The basic argument is this: Very little can happen in our lives without oil. It is required for mining, agriculture, manufacturing, transport and distribution. Global consumption is rising, and extraction has leveled off. Oil-exporting nations are consuming more, leaving smaller balances for those with oil deficits. The cost of extraction is rising sharply: Whereas 50 years ago it cost one barrel of energy to extract a hundred, we are moving towards new fields where the rule is one barrel for three. We face a train wreck between the increasing rates of global consumption and the declining rates of net exportable production.
We are familiar with this story, but most of us underestimate its importance, so it is worth repeating. The chart below (which is based on statistics from BP's Statistical Review of World Energy 2011) sums up the problem.
The black line is the five-year moving average of the balance between annual production and consumption, represented by the black columns. The last year of production surplus was 1981, 30 years ago, and since then the world has drawn down on strategic stockpiles and inventory to meet consumption demand, at a trend rate that is now accelerating. The blue columns represent the European balance, which has benefited from North Sea oil and which is now running out. The red columns represent North America and Mexico, whose production has been deteriorating since 1984. But most frightening is the Asia/Pacific deficit (the yellow columns), which has soared over the last 20 years.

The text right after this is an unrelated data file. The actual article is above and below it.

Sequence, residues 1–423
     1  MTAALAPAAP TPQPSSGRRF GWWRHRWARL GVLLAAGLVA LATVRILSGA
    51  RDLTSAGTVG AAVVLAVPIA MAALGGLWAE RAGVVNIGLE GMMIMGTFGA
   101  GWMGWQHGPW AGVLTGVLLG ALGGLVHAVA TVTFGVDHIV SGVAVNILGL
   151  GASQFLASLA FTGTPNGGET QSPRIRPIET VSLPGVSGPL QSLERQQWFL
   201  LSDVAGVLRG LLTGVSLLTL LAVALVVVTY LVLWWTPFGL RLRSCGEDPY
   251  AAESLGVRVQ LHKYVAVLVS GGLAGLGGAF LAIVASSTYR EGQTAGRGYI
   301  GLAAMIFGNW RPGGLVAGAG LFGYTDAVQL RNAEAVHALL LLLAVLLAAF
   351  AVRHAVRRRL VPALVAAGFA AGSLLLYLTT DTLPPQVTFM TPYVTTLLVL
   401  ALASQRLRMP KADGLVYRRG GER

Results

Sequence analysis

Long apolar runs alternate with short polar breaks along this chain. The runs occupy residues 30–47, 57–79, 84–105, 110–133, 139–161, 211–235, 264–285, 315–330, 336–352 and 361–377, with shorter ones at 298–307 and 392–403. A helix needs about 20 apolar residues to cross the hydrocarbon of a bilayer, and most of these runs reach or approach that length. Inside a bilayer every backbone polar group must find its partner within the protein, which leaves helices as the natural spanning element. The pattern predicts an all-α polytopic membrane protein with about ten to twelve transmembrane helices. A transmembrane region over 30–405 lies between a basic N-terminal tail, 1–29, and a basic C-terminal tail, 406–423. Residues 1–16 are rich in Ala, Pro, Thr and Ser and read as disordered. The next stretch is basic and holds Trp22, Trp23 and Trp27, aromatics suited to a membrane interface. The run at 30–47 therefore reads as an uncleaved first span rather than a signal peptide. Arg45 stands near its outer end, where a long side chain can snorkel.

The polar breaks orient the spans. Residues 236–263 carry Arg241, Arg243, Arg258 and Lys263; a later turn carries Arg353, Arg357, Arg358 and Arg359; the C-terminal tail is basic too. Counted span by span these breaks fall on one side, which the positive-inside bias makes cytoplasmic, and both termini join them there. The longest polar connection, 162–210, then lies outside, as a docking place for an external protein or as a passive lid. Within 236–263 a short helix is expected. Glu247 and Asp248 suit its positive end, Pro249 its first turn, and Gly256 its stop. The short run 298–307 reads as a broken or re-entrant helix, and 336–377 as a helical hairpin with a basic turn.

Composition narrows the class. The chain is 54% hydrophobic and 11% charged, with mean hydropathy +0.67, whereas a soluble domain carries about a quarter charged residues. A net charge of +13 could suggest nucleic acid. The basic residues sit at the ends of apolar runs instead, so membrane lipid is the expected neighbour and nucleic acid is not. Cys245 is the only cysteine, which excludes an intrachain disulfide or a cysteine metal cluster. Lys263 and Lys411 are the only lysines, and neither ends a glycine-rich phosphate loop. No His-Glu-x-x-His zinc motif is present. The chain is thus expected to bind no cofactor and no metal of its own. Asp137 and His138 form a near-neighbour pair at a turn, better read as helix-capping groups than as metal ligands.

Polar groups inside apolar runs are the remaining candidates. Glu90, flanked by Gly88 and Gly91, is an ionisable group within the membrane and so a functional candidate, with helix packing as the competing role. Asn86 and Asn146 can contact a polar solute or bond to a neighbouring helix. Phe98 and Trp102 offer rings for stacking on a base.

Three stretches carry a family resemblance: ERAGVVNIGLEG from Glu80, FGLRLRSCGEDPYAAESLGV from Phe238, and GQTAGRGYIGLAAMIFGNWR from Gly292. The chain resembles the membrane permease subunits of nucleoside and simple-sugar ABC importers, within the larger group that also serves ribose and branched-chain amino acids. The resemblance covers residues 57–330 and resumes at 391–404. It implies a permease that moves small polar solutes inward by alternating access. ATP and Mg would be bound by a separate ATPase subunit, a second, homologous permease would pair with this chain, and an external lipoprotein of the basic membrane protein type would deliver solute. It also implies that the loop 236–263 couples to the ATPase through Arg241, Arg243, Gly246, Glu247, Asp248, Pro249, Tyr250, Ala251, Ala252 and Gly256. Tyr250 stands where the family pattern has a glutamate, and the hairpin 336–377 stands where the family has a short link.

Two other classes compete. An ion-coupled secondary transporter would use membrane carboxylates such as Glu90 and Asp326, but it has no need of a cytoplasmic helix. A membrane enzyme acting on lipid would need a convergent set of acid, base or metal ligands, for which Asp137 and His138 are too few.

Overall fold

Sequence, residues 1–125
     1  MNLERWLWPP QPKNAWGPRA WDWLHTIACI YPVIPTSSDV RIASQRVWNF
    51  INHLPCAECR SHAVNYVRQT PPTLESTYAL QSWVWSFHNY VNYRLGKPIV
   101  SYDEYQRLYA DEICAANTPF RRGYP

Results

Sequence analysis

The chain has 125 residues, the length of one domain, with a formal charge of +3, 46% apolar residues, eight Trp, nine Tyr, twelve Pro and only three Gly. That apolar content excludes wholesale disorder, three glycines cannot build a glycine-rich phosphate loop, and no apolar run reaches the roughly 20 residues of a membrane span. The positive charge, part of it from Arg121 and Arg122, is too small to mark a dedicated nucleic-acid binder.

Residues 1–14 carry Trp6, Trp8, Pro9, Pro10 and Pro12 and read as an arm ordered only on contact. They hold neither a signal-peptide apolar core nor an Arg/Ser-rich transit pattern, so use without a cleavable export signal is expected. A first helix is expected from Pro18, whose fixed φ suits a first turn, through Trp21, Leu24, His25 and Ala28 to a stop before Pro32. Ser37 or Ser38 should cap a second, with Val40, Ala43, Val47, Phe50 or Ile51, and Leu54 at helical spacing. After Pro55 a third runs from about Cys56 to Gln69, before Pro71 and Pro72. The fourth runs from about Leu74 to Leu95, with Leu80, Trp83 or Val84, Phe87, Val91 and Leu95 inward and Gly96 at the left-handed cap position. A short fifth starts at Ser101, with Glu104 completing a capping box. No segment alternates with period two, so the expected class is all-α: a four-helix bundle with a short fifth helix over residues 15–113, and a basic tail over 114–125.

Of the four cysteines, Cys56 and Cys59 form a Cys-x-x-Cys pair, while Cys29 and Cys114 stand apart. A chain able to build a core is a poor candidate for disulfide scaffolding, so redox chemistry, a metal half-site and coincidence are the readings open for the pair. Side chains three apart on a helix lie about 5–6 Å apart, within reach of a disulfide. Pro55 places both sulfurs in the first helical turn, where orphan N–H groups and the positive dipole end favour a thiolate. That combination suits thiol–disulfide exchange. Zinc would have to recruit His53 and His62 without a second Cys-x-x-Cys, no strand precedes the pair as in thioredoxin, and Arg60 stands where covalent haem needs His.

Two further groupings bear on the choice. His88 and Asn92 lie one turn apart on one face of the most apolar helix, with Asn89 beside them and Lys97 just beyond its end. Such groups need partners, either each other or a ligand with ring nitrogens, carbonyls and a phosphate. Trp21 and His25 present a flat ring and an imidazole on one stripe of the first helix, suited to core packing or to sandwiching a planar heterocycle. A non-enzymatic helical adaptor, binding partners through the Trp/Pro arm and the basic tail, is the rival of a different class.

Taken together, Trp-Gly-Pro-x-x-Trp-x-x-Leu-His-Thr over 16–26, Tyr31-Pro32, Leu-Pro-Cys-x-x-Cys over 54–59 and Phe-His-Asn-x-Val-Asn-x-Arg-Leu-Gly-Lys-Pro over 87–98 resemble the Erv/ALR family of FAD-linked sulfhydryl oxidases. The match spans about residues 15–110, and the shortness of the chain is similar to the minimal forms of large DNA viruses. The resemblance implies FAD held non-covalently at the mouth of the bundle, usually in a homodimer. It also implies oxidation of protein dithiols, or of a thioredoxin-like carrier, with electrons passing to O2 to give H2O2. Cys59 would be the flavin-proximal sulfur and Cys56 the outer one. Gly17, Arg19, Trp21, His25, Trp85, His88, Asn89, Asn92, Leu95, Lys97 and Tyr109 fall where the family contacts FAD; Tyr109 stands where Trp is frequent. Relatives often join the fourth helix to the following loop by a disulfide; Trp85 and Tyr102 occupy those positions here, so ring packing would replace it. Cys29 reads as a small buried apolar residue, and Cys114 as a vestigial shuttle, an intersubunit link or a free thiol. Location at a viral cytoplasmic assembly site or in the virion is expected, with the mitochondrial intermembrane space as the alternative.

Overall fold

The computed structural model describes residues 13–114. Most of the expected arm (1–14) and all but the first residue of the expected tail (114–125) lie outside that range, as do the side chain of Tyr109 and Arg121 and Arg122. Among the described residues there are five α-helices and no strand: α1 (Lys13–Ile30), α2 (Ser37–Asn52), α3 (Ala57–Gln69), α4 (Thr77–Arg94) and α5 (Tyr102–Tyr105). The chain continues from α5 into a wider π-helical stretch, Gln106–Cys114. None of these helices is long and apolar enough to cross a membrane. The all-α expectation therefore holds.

The chart clearly shows a picture of an imbalance between production and consumption that cannot continue much longer. The world is now caught between inflexible demand—because oil is vital to our very existence—and declining net production. This explains the oil price, which is the blue line in the second chart (I shall comment on gold in a moment).
There have been three phases: The first, when OPEC jacked up the price of oil; the second when more expensive non-OPEC fields came on stream putting a cap on prices, and finally the third, where prices have increased seven times so far. It is this third trend from which there is no apparent escape. The chart is on a logarithmic scale, which means that prices have been rising at an exponential rate since 1998.
With the production/consumption imbalance set to deteriorate further, there can be only one result, and that is considerably higher prices. Based on BP's statistics, which show that the world's most vital commodity has been in a supply deficit for the last 30 years, the logical outcome is a price explosion. And with quantitative easing in the markets there will be extra money to pay higher prices, the consequences for global price inflation do not bear thinking about. On this evidence we can therefore confirm Chris Martenson's analysis.
Living with an energy supply crisis will require a radical change in our lifestyles—downwards. The best financial protection from this event appears to be physical gold, which has tracked the price of oil reasonably well over the years as shown in the second chart, and can be expected to continue to do so. After all, the combination of the most rapid global monetary expansion in peace-time history and soaring oil prices is an inflationary disaster in the making.
Alasdair Macleod runs FinanceAndEconomics.org, a website dedicated to sound money and demystifying finance and economics. He has a background as a stockbroker, banker and economist.
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